On my trip in March, I was able to visit with Nestor once again. He had changed quite a bit, especially in the gray hair department, as you can see in this picture. Nestor has always been a nominal Christian. He has a disability with his legs due to a case of polio he had as a young man. He can hardly walk, so he doesn't really do much. He is a fiesty old guy who often comes to church meetings just to run his mouth and aggravate others.

So why am I blogging about Nestor? Because I genuinely like the guy. He is funny, energetic, inviting, hospitable, and just fun to be around. He doesn't possess all of the qualities I usually look for in friends, but I am still drawn to him nonetheless. Nestor to me is a testimony of how God bridges gaps between all things. My barriers with Nestor are linguistic, cultural, generational, and even personal. But I just like the guy! I can't help it, he is just a magnetic person for me. I look forward to spending more time with him come January. He was always helpful to me with language, and if nothing else, I think it would help me with culture shock to sit with Nestor outside his compound, play a little Mancala, drink a little sollum, speak a little Kabiye, and further a friendship that is only possible because God made it so.

Thursday, April 06, 2006

Our New Home

One of my main goals for my trip to Kara last month was to secure housing for our family. Dave and Andrea took me to look at several places, but we finally settled on the home of our former teammates, Don and Jane Neal. They just left Togo a few weeks ago, and their house is pretty much ready to move into. We are also going to rent or purchase the lot next door to the house to expand the yard for the kid(s) as well as some cool ideas I am saving for the future.

The first picture is me outside the gate of our new home with our houseworkers, who we are adopting from the Neals. From left to right they are Acqualo(sp?), Antoinette, and Eric. Antoinette will be our house helper, cooking and cleaning and whatnot. Acqualo and Eric will be our night guards and outside workers. They seem to be very sweet people and we look forward to getting to know them better.

The second picture is the front of our house. The complex is too big to show you all of it, but I may post more pictures of the inside and the grounds in the near future.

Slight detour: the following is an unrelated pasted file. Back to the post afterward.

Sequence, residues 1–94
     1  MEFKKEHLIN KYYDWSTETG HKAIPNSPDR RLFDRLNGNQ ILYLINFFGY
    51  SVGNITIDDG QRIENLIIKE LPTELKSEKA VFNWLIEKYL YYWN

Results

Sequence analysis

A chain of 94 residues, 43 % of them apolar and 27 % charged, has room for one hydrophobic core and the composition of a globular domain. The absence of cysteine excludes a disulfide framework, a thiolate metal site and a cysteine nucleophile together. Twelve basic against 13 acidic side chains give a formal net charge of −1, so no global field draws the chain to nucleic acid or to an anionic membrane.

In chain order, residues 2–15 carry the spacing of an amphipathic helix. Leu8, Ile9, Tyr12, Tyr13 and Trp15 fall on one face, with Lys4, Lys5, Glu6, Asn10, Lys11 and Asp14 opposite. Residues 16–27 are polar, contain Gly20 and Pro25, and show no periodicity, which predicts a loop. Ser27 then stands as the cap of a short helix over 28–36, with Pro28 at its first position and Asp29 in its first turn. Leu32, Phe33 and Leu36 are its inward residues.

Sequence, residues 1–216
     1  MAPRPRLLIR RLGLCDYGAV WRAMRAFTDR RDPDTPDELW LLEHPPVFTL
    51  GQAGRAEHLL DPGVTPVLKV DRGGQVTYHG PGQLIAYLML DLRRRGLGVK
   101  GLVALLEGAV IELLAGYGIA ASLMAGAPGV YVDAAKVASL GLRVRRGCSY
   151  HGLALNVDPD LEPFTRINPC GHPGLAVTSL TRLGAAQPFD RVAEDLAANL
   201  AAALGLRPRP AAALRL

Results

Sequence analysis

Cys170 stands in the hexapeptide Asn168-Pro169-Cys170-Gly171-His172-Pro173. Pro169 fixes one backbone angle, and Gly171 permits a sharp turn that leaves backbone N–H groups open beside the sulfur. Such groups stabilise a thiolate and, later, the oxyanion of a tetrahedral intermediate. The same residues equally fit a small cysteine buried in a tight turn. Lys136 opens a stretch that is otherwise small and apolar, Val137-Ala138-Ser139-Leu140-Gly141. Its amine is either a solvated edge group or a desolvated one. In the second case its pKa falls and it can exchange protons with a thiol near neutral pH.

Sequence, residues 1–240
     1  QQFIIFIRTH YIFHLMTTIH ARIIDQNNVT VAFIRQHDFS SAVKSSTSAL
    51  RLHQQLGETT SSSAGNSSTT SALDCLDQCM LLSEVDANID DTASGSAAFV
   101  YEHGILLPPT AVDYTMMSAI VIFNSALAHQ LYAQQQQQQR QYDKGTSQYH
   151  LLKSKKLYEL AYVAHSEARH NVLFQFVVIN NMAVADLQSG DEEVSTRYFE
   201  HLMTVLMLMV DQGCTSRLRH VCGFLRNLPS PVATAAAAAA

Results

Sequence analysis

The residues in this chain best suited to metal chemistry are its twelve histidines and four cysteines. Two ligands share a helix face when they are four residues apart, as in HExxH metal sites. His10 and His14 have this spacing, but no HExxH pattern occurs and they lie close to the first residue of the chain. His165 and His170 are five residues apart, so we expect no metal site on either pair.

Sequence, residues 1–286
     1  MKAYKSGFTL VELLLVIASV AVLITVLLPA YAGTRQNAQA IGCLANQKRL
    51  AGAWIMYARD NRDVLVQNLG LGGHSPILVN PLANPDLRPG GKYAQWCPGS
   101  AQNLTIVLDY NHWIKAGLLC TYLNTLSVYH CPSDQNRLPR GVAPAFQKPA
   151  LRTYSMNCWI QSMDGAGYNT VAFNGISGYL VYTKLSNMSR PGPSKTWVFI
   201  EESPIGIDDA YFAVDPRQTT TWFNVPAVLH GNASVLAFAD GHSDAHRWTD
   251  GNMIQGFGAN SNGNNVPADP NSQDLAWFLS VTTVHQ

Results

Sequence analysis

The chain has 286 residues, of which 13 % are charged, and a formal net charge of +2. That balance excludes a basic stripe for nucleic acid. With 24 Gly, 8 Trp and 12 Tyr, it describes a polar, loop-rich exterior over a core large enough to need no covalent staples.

The last picture is the view from our roof, one of my personal favorite features. We have roof access via a staircase attached to the garage, and the surface area is huge. I look forward to me and this mountain becoming very good friends. It's just a 5 minute drive to the base!

So this will be our next home, not counting our 3 months in France. I can't imagine that France will ever feel like home, although we are very excited about living in the French Alps for a few months! Please pray that we will have faith in God to provide everything that we need to move into our new home in January 2007!

Sunday, April 02, 2006

The West Africa Experience

We actually saw 2 lions, a male and his female partner, on our safari to Pendjari National Park in Benin. You may notice that this male lion looks a little different than the ones you've seen on the Discovery Channel. First of all, even though this is a fully mature adult male, he's a little on the small side as far as the King of the Beasts are concerned. Second, he lacks a prominent mane. These are the two main differences between East and West African lions.

Even though his appearance is not quite as impressive, this lion sighting was actually much more exciting than an East African sighting. Why you ask? Because in East (and South) Africa, viewing lions is more like going to a zoo. They are so used to people that they usually just sit there and pay you no mind. Two of my teammates, Matt Miller and Dave Reeves, recently went on safari in Kenya, and they both much prefer the West African experience. Viewing a lion in the wild in West Africa is actually a pretty rare experience, even though there are plenty around (Pendjari alone has over 300 lions).

West Africa is much less glamorous than East or South Africa. They don't film movies here. Teddy Roosevelt never hunted the Big Five here. AND it is hotter than the surface of the sun here. But West Africa doesn't get enough credit. It has amazingly diverse wildlife and landscape, without the touristy feel and nonchalant attitude of the animals. So please, by all means, continue taking your vacations in other parts of this vast continent, and my teammates and I will continue to enjoy the unspoiled beauty of the place we have been blessed to call home!